Happy Saint Patrick's Day
Kid reporter wears the green in New Orleans
A Saint Patrick’s Day parade float makes its way through Metairie, Louisiana, on March 15, 2008. (Photo courtesy Abigayle Lista)
Happy Saint Patrick's Day. Are you wearing green? Do you know why? Saint Patrick's Day, observed on March 17, is among Ireland's most important religious holidays, set aside to honor the patron saint of Ireland. Green, the national color of Ireland, is the color of the day. Many Irish also wear shamrocks, the country's national symbol.
Saint Patrick's Day is a festive holiday for the Irish—wherever they may be. Wearers of the green celebrate with parades, speeches, special dinners, and dances. The U.S. Census Bureau estimates there are 36 million people with Irish roots in the United States, so there are a lot of folks celebrating today.
In Washington, D.C., President George W. Bush welcomed Irish Prime Minister Bernie Ahern and participated in a traditional Irish Shamrock Ceremony. Prime Minister Ahern presented President Bush with a shamrock, symbolizing the profound kinship between Ireland and the United States.
In New York City, men and women in kilts played the bagpipes for the annual Saint Patrick's Day parade. New York firefighters helped lead the procession of green up Fifth Avenue.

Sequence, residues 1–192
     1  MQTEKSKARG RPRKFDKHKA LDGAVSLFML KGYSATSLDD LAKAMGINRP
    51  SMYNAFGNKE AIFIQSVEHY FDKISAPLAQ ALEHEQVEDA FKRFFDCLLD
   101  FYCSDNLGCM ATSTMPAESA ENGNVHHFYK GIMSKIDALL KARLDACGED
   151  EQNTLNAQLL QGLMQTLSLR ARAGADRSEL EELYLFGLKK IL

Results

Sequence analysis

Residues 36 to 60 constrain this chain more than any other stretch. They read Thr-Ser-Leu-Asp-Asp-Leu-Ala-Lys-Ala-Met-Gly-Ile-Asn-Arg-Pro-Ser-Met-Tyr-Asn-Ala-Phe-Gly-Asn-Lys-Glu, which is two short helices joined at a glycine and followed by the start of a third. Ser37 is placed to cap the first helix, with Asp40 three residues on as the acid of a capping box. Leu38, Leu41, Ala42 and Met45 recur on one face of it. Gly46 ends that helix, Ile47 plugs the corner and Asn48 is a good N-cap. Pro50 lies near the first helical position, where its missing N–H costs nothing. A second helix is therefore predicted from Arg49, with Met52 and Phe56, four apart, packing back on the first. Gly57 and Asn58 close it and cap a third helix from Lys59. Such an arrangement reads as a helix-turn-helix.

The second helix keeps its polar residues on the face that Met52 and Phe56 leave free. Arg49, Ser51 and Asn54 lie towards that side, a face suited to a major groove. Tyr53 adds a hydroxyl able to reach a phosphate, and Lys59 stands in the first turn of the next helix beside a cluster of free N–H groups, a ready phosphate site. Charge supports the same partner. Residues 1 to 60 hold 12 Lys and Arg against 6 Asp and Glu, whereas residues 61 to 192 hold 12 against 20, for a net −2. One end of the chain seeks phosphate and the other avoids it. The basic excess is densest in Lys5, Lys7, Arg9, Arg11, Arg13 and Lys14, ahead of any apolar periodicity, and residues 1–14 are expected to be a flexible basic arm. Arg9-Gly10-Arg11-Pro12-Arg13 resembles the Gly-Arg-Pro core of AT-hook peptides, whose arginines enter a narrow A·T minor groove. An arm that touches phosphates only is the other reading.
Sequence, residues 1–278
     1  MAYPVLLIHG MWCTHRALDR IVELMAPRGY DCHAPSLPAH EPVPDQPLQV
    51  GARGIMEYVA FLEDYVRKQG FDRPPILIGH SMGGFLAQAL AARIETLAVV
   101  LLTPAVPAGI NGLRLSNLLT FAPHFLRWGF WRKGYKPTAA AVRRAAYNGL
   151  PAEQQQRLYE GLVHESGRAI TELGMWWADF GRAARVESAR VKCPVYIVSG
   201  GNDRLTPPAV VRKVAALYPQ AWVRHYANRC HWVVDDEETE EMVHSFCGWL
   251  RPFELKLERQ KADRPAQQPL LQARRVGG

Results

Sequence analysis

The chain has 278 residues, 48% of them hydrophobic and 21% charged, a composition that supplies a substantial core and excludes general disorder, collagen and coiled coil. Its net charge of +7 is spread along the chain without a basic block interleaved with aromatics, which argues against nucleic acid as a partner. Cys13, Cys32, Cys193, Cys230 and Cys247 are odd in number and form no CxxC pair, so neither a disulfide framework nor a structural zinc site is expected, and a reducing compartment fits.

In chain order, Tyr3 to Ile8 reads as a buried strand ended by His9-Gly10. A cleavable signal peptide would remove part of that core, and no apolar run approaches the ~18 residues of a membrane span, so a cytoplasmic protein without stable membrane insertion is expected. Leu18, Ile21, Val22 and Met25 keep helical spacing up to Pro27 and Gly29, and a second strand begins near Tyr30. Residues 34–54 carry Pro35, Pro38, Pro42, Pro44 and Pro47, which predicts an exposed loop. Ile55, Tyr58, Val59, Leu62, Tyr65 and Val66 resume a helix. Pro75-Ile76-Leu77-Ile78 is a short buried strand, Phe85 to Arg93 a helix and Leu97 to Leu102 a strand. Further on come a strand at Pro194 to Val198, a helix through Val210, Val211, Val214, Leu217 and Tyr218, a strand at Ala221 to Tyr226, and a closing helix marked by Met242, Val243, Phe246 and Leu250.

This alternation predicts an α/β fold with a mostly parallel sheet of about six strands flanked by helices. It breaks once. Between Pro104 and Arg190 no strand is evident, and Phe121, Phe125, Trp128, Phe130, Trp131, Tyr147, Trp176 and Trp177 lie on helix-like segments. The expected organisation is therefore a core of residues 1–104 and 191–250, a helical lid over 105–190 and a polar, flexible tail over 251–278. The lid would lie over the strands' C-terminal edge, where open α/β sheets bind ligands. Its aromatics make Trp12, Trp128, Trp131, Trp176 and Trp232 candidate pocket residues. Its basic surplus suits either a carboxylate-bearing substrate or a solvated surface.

In Chicago, the Chicago River is dyed a perfect shade of Irish green to commemorate the day.
In New Orleans, we have a particularly unique way of celebrating Saint Patrick's Day. New Orleanians celebrate with very elaborate parades that resemble the ones at Mardi Gras, or “Fat Tuesday.” Thousands of people wearing green line the streets waiting to catch items thrown from beautifully decorated floats.
But rather than getting their hands on traditional Mardi Gras beads and cups, revelers at the Saint Patrick's Day are looking to catch something else flying through the air: food.
The float riders throw cabbage, carrots, potatoes, and onions. It sounds crazy, but we throw these vegetables because they are the ingredients of a traditional Irish stew. Folks are supposed to take the items they catch home and boil up a batch, as part of their celebrations.
|Scholastic Kid Reporter Abigayle Lista at a Saint Patrick's Day Parade in Metairie, Louisiana, on March 15, 2008. (Photo courtesy Gina Robinson-Lista)|
There are multiple Saint Patrick's Day parades, and I had the chance to ride on one of the floats. My family had to gather our Mardi Gras beads and buy cabbage, potatoes, carrots, onions, and other foods to throw to parade watchers.
It was great to see everyone having such a great time. We didn't miss the chance to catch our own stew ingredients, though. At this past weekend's parades, we caught 12 heads of cabbage and bags full of other food items and lots more beads.
Many people may not realize that this is a very special holiday to people here in New Orleans. My birthday happens to fall around Saint Patrick's Day, and participating in this part of New Orleans' rich and unique culture is the best way to celebrate.
Abigayle Lista is a member of the Scholastic Kids Press Corps.